First steppes for Mongolian derivatives market


First steppes for Mongolian derivatives market

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First steppes for Mongolian derivatives market

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With nearly a quarter of the population living on less than a $1.25 a day and a history of instability in its financial sector, Mongolia isn’t an obvious spot to find an investment bank. But for ING’s man in Ulan Bator, Howard Lambert, the opportunity is clear: the bank has been creating bespoke products for clients to gain exposure to Mongolia’s currency, the tugrik, and they have been earning fat returns.

“We were the first bank to structure a derivatives product to sell to international investors and give exposure to the currency. One hedge fund made 15% a year net on coupon and another 14% appreciation on the currency, which gives you equity-style returns,” he says.

So far Lambert, ING’s head of corporate and investment banking for Mongolia, has had a clear run at the Mongolian market – until earlier this year no other international investment bank had a presence on the ground, but this is changing. Emerging market specialists Standard Chartered opened an office in Ulan Bator earlier this year – they declined to be interviewed for this article. And in February, Goldman Sachs bought a 4.8% stake in Ulan Bator-based Trade & Development Bank (TDB).

The underlying reason for this bout of international interest is resources – Mongolia has copper, coal, gold and uranium reserves on a par with international commodities powerhouses Kazakhstan and Australia. Last year, the domestic economy expanded by 17% – double that of its southern neighbour China – and this growth is about to get turbo-charged by two mining developments.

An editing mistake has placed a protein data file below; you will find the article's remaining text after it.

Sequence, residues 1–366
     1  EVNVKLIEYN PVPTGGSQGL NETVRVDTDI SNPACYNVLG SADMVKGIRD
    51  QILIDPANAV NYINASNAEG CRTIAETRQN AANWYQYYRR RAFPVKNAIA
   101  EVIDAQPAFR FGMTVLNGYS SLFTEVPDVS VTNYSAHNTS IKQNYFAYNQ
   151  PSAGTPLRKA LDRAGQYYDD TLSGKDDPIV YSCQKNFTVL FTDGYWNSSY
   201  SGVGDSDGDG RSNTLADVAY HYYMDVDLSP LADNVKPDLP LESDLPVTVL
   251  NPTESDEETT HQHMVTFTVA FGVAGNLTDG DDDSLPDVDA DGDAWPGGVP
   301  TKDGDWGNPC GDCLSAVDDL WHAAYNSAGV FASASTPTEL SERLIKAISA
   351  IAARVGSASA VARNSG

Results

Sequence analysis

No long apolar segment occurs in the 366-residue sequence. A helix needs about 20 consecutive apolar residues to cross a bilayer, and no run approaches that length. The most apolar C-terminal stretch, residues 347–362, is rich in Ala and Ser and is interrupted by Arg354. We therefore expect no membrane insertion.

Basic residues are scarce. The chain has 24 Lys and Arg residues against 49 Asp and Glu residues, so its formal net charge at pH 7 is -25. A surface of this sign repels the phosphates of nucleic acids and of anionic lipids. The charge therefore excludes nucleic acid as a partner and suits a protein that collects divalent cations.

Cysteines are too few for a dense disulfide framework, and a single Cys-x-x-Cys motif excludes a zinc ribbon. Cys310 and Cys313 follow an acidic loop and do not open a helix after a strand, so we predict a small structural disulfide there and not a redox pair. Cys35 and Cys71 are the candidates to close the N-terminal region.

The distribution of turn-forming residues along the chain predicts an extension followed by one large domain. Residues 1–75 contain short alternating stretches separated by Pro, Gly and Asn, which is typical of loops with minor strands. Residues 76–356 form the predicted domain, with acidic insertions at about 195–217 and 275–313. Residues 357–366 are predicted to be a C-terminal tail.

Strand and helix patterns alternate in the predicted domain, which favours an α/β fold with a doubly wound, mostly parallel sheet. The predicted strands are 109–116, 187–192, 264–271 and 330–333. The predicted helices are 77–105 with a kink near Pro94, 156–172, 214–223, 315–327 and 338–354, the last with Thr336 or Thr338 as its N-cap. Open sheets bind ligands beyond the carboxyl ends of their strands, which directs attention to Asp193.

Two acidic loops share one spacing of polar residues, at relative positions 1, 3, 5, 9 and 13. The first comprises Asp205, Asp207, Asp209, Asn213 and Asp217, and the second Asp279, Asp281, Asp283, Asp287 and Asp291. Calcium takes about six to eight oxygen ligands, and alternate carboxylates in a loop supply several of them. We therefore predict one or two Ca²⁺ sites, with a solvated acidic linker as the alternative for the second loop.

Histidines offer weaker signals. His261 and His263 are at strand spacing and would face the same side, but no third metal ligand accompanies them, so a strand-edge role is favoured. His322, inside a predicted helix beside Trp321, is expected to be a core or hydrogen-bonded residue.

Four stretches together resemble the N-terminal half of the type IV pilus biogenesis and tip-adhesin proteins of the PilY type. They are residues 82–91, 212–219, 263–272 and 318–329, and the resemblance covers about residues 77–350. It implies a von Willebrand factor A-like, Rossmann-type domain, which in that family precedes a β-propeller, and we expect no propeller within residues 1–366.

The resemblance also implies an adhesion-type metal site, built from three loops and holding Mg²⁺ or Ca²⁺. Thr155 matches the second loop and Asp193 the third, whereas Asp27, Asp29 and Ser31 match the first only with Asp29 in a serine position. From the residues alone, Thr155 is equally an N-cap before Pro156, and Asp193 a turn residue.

Oyu Tolgoi, on the border with China, will be one of the largest copper and gold mines in the world when it comes online later this year, while Tavan Tolgoi, one of the world’s largest coal mines, is expected to increase production from 16 million tonnes in 2012 to 40 million tonnes a year by 2020. The IMF predicts this single facility will flip Mongolia’s current account from deficit to surplus as it does so.

As these large currency flows start moving across borders it means firms will have to start looking at forex risk, and how to manage it, according to Lambert.

But the country’s capital markets and market infrastructure are playing catch-up to a runaway economy. The interbank market is in a nascent form and so derivatives tools to hedge risk are not yet available. “Mongolia only has a spot forex market and almost no interbank market,” says Lambert.

Tugrik troubles

There may not be an active domestic bank market but there is no shortage of currency volatility. The Mongolian tugrik fell 40% against the dollar in 2008 before rebounding and it seesawed again last year, hitting 1,191 on March 31 but sliding to 1,436 by mid-January.

This is partly explained by the country’s sizeable trade deficit – much of which is due to the cost of the heavy-duty mining machinery required for mining projects like Tavan Tolgoi and Oyu Tolgoi. But it’s also due to the climate: according to Lambert as winter temperatures plummet to –40C, Mongolians hoard dollars to buy imported goods. Mines also stop producing and spending at mines reduces dramatically so dollar inflows fall. This seasonal effect assisted in driving the currency to these levels between August and December 2011.

But, according to Tsengel Tumurbat, head of research at Asia Pacific Securities in Ulan Bator, despite this weather-induced currency volatility, while companies were unhedged when the markets were volatile, they view it as part and parcel of doing business in Mongolia. “As companies can’t hedge this risk yet it becomes part of the operating expenses,” he says.

In any case Lambert says a lack of experience with derivatives means companies only want to hedge their currency risk when it is falling – and hence very expensive to hedge, if that is even possible.

“Companies would say I need to now hedge my currency when it’s losing 5% per day. Nobody wants to offer a hedge and get in the way of that steaming locomotive. The flipside is that when the currency plateaus at 40% depreciation from the start of the year, foreign investors want exposure to the currency and clients onshore don’t want to sell the currency,” he says.

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